Seoul, South Korea (AP)- South Korean prosecutors began reviewing whether to formally charge a man arrested last week on allegations that he operated secret chatrooms where he posted sexually abusive videos of blackmailed women in return for cryptocurrency payments.
The allegations have triggered an intense public uproar and soul-searching over a culture that critics say is lenient about sexual violence and continuously fails the victims, prompting President Moon Jae-in to call for an investigation and stern punishment for operators of such chatrooms and their users.
Cho Ju-bin, 24, was paraded before journalists at the Jongno Police Station in Seoul before officers drove him to the prosecutors’ office. Police officers created a perimeter around the station’s gate to block off angry protesters, who waved signs that read “From chatroom to prison” and “Punish all users” and yelled, “Give him the highest penalty!” “Thank you for stopping the life of a devil (I) couldn’t stop,” Cho said in front of a barrage of camera flashes.
He refused to answer questions about the accusations against him but offered apologies to a former mayor of Gwangju City, for allegedly attempting to blackmail the JTBC president for reasons that weren’t immediately clear. Police said they currently don’t have any knowledge linking the three men with the chatrooms.
Before sending Cho’s case to prosecutors, police said they had arrested 18 people since September while investigating private chatrooms on the Telegram messaging app, where users paid in cryptocurrency to view videos of a sexual nature that involved dozens of allegedly blackmailed women and girls.
Los Angeles, CA (AP News)-Imprisoned for conspiring to slip their children into USC as bogus water polo stars, a Napa Valley vintner and a Los Angeles water systems executive asked a judge last week to release them from custody early, citing the specter of the novel Coronavirus.
Agustin Huneeus Jr., whose family owns several wineries in Napa, was discharged on March 17, two weeks before his five-month term was over after U.S. District Judge Indira Talwani found that “extraordinary and compelling reasons” justified the early release.
Incarcerated in Lompoc, Devin Sloane, whose four-month prison term will end April 1, asked Talwani for similar relief and was denied. Even as she turned down the request, Talwani suggested that the process prisoners must follow to seek early release is ill-equipped to address a fast-moving crisis forced on the courts and prison system by the Coronavirus outbreak.
Sloane, she wrote, failed to demonstrate he had appealed to the warden at Lompoc and exhausted all administrative means of securing an early release before appealing to the court. Nor had he shown a “life-threatening condition” that would allow him to bypass those avenues and go directly to the court, she wrote.
Talwani raised in her order what she called “a critical question”: Should Congress or President Trump give the courts or the Bureau of Prisons “greater flexibility” to truncate the prison terms of people imprisoned for nonviolent crimes who are nearing the ends of their sentences?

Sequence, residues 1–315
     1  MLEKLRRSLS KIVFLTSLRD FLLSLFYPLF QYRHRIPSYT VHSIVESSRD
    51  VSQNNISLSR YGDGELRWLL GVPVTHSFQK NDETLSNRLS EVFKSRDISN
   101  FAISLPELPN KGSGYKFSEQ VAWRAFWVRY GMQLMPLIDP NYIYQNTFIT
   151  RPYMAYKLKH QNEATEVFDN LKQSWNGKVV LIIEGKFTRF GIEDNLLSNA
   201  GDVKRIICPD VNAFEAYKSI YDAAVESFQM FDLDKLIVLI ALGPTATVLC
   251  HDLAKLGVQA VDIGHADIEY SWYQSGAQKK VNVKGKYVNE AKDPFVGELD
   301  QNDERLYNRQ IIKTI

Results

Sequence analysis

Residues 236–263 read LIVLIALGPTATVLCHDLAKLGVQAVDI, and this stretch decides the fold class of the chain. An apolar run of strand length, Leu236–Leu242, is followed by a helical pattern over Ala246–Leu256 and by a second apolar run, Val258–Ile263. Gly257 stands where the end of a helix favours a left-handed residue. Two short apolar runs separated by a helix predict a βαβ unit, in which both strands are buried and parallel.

Amid a pandemic that has upended courts across the country and unnerved prisoners and their advocates, it is no surprise the Coronavirus has affected the cases of dozens of parents charged with defrauding USC, Georgetown and other elite universities with rigged entrance exams, fabricated credentials, and bribes.
But compared with the disarray brought on the criminal justice system writ large, the pandemic’s effect has been more blunted on the college admission’s cases. Every defendant who has pleaded not guilty was allowed to post bond and remains out of custody ahead of trial. The first trial that includes Lori Loughlin, her husband, J. Mossimo Giannulli, and six other parents remains scheduled to begin Oct. 5.
Singapore (AP NEWS)- Singapore’s stimulus package is the most aggressive response to the pandemic by an Asian government so far. Singapore unveiled an unprecedented stimulus plan worth around $48 billion (US$33.7 billion) to deal with the economic fallout of the Covid-19 pandemic, with the government tapping its vast reserves for only the second time in history to deal with what is likely to be a deep recession.
The move is the most aggressive response yet by an Asian government to the pandemic, which has brought economic activity to a near standstill as nearly a third of humanity is currently in some form of lockdown as authorities scramble to minimize fatalities.
“Today, I will introduce measures worth over $48 billion in this ‘Resilience Budget’, to deal decisively with the situation at hand,” Deputy Prime Minister and finance minister Heng Swee Keat said in an address to lawmakers in parliament. “This is a landmark package, and necessary response to a unique situation.”
The unprecedented drawdown of $17 billion from the national reserves has been granted “in-principle” approval by President Halimah Yacob, said Heng, who is slated to succeed Prime Minister Lee Hsien Loong sometime after the general election that is expected to be called in the coming months.
Before Heng’s speech, Speaker of Parliament Tan Chuan-Jin read prepared remarks by Halimah. The president said she gave the green light to the proposal “considering the grave circumstances, and highly uncertain outlook.”